The point being: if we don’t do something to stop the course of these tendencies, if we do not challenge (and, preferably, dismantle) the global power systems, the future does not look particularly bright. Except, maybe, for the blinding brightness of mushroom clouds.
To try to reverse the course of these processes is not a simple task. To boast about our commitment to peace and prosperity will not do. To rely on the (mostly broken) political system as a way to fix all these issues is delusional.
Most of the so-called political “right” is hopelessly lost somewhere deep in the corporate pockets, or in impotent (and frequently quite surreal) ideological narratives. On the other hand, the so-called “left” often focuses more on ideological blackmailing, policing people’s speech and making sure that everyone (meaning us) “feels good” in their individual “safe spaces” (meaning bubbles), rather than on doing anything constructively and cooperatively to address very real and pressing issues.
One of the reasons for this bankruptcy of both the mainstream “left” and the “right” is that both “ends” of the mainstream political spectrum buy into the same ideological narrative, in which the business/marketing ideology is the ultimate horizon of meaning. This state of deep indoctrination is often called “ideology-free” or “post-ideological” time. Everyone is free to obey to the new spirit of the age.
To this already murky picture, religion often adds even more dark tones. As the traditional allies of the “right” (in various forms in which the “right” appears nowadays), dominant religious communities and their narratives tend to support dominant ideologies, unless those ideologies are openly against the religious power structures. Swimming against the current as it were (which, in theological terms, translates as exercising our prophetic calling) is not something that official religious communities/churches normally practice. After all, power structures cannot ignore the interests “of this world.” If they did, they wouldn’t be power structures any longer.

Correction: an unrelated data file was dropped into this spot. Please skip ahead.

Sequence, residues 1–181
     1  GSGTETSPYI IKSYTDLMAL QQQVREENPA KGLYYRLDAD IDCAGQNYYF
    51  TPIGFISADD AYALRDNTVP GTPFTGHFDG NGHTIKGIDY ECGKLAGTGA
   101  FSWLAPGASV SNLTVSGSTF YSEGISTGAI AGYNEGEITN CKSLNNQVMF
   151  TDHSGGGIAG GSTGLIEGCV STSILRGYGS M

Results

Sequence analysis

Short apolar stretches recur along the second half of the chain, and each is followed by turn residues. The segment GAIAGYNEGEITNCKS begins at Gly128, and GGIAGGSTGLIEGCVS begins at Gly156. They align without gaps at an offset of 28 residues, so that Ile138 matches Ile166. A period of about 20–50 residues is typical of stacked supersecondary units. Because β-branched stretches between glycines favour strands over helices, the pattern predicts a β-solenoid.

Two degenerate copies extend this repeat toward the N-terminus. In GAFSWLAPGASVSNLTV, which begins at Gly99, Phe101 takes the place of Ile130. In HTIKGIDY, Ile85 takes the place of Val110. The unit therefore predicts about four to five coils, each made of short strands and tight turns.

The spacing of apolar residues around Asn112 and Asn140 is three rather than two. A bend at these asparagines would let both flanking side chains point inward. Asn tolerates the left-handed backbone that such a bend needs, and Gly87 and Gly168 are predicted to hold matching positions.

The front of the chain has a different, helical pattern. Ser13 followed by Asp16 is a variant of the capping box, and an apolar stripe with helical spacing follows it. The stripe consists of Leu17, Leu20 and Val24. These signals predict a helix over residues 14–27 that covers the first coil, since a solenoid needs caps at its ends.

To change this marching-toward-disaster tendency, we need concrete, coordinated actions. The political as well as religious leaderships have the responsibility to do everything they can to lower the tensions and the threat of wars, violence, environmental destruction and harmful economic policies. However political, religious and other leaderships need to be pressed to take some constructive actions. Even then, one cannot expect them to fix everything. A broader action and a widespread popular pressure are needed. We need educated (not simply indoctrinated) people, from ordinary citizens, to scholars and professionals, who would be able to understand the sources and meaning of the complex processes we are facing.
In this context, the responsibility of theologians is also significant. The way they frame particular social and political issues (even when they just want to talk about the “eschatological”) has a real impact, not only on particular communities but also on the way in which the broader society perceives those communities and their religious beliefs.
With knowledge, good will, and the skills necessary to cope with the complexity of the world’s affairs, something can be done. And a real change – not a propaganda slogan – can be made.